James To Katie somewhere in the walks below, Made toward us, like a wader in the surf, Run, Katie !” Katie never ran : she Beyond the brook, waist-deep in meadowmoved
sweet. To meet me, winding under woodbine bowers,
O Katie, what I suffer'd for your sake ! A little flutter'd, with her eyelids down, For in I went, and callid old Philip out Fresh apple-blossom, blushing for a boon. To show the farm : full willingly he rose :
He led me thro' the short sweet-smelling • What was it ? less of sentiment than
Of his wheat-suburb, babbling as he went. Had Katie ; not illiterate ; nor of those He praised his land, his horses, his Who dabbling in the fount of fictive tears,
machines ; And nursed by mealy-mouth'd philan- He praised his ploughs, his cows, his hogs, thropies,
his dogs ; Divorce the Feeling from her mate the He praised his hens, his geese, his guineaDeed.
His pigeons, who in session on their roofs • Then, while I breathed in sight of Approved him, bowing at their own haven, he, deserts :
Poor fellow, could he help it ? recomThen from the plaintive mother's teat he menced, took
And ran thro' all the coltish chronicle, Her blindand shuddering puppies, naming Wild Will, Black Bess, Tantivy, Tallyho, each,
Reform, White Rose, Bellerophon, the And naming those, his friends, for whom Jilt, they were :
Arbaces, and Phenomenon, and the rest, Then crost the common into Darnley Till, not to die a listener, I arose, chase
And with me Philip, talking still ; and so To show Sir Arthur's deer.
We turn'd our foreheads from the falling and fern Twinkled the innumerable ear and tail. And following our own shadows thrice Then, seated on a serpent-rooted beech,
as long He pointed out a pasturing colt, and As when they follow'd us from Philip's said :
door, ** That was the four-year-old I sold the Arrived, and found the sun of sweet conSquire."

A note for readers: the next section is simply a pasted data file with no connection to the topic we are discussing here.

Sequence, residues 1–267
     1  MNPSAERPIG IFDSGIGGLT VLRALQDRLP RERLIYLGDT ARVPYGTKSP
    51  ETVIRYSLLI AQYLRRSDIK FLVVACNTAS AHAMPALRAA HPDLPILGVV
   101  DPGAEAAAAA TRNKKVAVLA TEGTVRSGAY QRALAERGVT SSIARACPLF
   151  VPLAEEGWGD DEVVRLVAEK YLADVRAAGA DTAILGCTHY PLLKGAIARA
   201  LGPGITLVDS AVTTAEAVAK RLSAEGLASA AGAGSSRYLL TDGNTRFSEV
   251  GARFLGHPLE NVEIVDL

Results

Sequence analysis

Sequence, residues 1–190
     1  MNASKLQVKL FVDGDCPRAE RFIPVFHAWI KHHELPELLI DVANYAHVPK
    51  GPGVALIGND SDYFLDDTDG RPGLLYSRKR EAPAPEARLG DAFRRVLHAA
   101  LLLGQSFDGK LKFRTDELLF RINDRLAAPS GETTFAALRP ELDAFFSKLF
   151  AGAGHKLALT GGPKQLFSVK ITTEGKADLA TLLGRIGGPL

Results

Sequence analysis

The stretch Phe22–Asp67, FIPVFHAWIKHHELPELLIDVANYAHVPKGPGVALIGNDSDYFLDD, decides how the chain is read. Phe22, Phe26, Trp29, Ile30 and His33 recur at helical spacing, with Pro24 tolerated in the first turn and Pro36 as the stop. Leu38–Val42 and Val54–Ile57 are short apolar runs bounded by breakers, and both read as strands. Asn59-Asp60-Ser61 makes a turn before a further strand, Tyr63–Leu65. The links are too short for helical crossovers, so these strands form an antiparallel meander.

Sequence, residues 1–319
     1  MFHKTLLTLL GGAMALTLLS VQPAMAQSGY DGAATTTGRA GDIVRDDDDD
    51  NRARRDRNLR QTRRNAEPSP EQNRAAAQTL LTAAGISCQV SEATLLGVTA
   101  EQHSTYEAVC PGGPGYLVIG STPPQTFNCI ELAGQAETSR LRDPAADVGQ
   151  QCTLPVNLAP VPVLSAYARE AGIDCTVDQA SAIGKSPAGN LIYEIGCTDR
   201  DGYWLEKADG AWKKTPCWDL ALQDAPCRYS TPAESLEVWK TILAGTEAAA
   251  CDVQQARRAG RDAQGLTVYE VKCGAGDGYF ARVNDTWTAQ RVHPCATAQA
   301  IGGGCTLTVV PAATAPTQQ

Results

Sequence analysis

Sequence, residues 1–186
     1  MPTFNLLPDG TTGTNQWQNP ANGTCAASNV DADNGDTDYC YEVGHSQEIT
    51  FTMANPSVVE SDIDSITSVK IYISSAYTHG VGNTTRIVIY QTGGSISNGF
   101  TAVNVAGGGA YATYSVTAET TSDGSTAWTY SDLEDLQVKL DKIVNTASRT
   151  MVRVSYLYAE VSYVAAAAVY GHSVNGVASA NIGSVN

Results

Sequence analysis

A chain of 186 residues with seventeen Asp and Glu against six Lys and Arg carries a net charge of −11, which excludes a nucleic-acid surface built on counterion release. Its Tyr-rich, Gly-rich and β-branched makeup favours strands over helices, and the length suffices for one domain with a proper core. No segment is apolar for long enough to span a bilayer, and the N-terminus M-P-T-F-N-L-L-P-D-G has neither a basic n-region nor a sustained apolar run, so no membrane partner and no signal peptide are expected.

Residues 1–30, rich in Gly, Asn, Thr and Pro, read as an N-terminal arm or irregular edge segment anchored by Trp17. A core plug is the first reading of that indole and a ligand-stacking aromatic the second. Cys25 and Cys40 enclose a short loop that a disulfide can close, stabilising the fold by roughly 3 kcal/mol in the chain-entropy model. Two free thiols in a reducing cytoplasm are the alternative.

tent And there he told a long long-winded tale Re-risen in Katie's eyes, and all things Of how the Squire had seen the colt at
well. grass, And how it was the thing his daughter I steal by lawns and grassy plots, wish'd,
I slide by hazel covers; And how he sent the bailiff to the farm
I move the sweet forget-me-nots To learn the price, and what the price he
That grow for happy lovers, ask'd,
I slip, I slide, I gloom, I glance, And how the bailiff swore that he was
Among my skimming swallows; mad,
I make the netted sunbeam dance But he stood firm ; and so the matter
Agair my sandy shallows. hung ;
I murmur under moon and stars He gave them line : and five days after In brambly wildernesses; that
I linger by my shingly bars; He met the bailiff at the Golden Fleece,
I loiter round my cresses; Who then and there had offer'd something
And out again I curve and flow more,
To join the brimming river, But he stood firm ; and so the matter For men may come and men may go, hung;
But I go on for ever. He knew the man; the colt would fetch its price;
Yes, men may come and go; and these He gave them line : and how by chance
All gone. My dearest brother, Edmund, (It might be May or April, he forgot,
sleeps, The last of April or the first of May) Not by the well-known stream and rustic He found the bailiff riding by the farm,
spire, And, talking from the point, he drew But unfamiliar Arno, and the dome him in,
Of Brunelleschi ; sleeps in peace : and he, And there he mellow'd all his heart with Poor Philip, of all his lavish waste of ale,
words Until they closed a bargain, hand in hand. Remains the lean P. W. on his tomb:
I scraped the lichen from it: Katie walks • Have you not heard ?' said Katie, By the long wash of Australasian seas
we came back. Far off, and holds her head to other stars, We bought the farm we tenanted before. And breathes in April-autumns. All
Am I so like her? so they said on board. are gone.'
Sir, if you knew her in her English days,
My mother, as it seems you did, the days So Lawrence Aylmer, seated on a stile That most she loves to talk of, come In the long hedge, and rolling in his
with me. mind
My brother James is in the harvest-field : Old waifs of rhyme, and bowing o'er the But she—you will be welcome—0, come brook
in !' A tonsured head in middle age forlorn, Mused, and was mute. On a sudden a low breath
AYLMER'S FIELD. Of tender air made tremble in the